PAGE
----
The law of conservation of energy states that energy cannot be lost or gained but just converted from one form to another. For example, when a pendulum is elevated to a certain height it acquires a potential energy. When the pendulum is released that potential energy is converted to kinetic energy in the downswing and back into potential energy in the upswing. However, unless a source of energy is introduced into the system such as, for example, giving the pendulum a push, the pendulum will not reach a higher elevation than the one from which it was originally released. In the video below, uploaded into You Tube by Johnny Rico, Professor Walter Lewin from the Massachusetts Institute of Technology (MIT) puts his life on the line to illustrate this principle.
Newton’s Cradle is a device that is used in teaching to demonstrate the physical laws of conservation of energy and momentum. The device consists on a series of spheres suspended from wires. The spheres are pulled and released, and then collide with each other. But there must be something charming about Newton’s Cradle which has made it transcend the classroom, as it is used is also used for entertainment, or as a decorative toy, and has even been featured in movies. When the moving ball collides with the stationary balls, the force is transmitted through the stationary balls to the ball on the far side. Depending on the number of moving balls and stationary balls as well as their location and the timing of release of the balls, several recurring collision patterns can be generated as shown in the video below.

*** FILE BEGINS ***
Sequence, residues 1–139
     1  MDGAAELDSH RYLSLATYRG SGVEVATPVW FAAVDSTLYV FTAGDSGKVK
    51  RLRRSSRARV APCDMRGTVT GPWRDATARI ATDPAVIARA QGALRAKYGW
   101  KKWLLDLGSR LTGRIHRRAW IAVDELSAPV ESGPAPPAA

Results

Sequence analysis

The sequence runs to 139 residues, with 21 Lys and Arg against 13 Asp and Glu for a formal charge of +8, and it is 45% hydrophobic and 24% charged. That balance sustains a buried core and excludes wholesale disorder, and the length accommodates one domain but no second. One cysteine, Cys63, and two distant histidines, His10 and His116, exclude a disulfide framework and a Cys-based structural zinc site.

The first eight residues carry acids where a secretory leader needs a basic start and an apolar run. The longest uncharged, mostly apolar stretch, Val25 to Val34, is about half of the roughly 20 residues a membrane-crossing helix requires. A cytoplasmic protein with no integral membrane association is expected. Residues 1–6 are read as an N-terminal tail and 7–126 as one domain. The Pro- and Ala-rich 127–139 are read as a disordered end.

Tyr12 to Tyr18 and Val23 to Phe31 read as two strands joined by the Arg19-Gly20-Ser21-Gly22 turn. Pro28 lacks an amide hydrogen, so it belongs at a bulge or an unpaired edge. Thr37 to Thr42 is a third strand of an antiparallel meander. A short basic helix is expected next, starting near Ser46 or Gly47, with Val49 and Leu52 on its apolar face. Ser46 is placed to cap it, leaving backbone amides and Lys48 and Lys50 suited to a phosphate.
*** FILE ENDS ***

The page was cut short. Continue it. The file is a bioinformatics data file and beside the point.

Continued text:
If you have the time, there is even a computer simulation of Newton’s Cradle that you can operate without having to deal with the effects of friction which eventually dampen the performance of the real device.
The domino tumble is a great example of the conversion of potential energy into kinetic energy (energy of movement) and the internet is filled with videos of elaborate domino tumbles involving thousands of dominoes such as the one below.
Less well known variants of the domino tumble are the double domino and domino amplification effects.
The double domino effect occurs when the regular forward wave of toppling dominoes is followed by a second wave in the opposite direction. This occurs because the first wave leaves the dominoes lying partly on top of each other with some of their potential energy still intact. When the terminal domino falls to the ground, it fails to provide the support needed for the domino immediately before it which falls to the ground too followed by the next one and so on. The process and the math involved are explained in the video below by Matt Parker from standupmaths.
The domino amplification effect is a far more interesting for me because with a tiny input energy you can release a huge amount of energy in a process that is somewhat similar to a chain reaction. This is possible because a domino can topple over another domino that is 1.5 times larger. Thus by placing dominoes of increasing size one after the other you can topple a gigantic domino using a much smaller one achieving amplifications factors in the billions. The process and the physics involved are explained in the video below.
The domino amplification effect was featured in an episode of Mythbusters shown in the video below.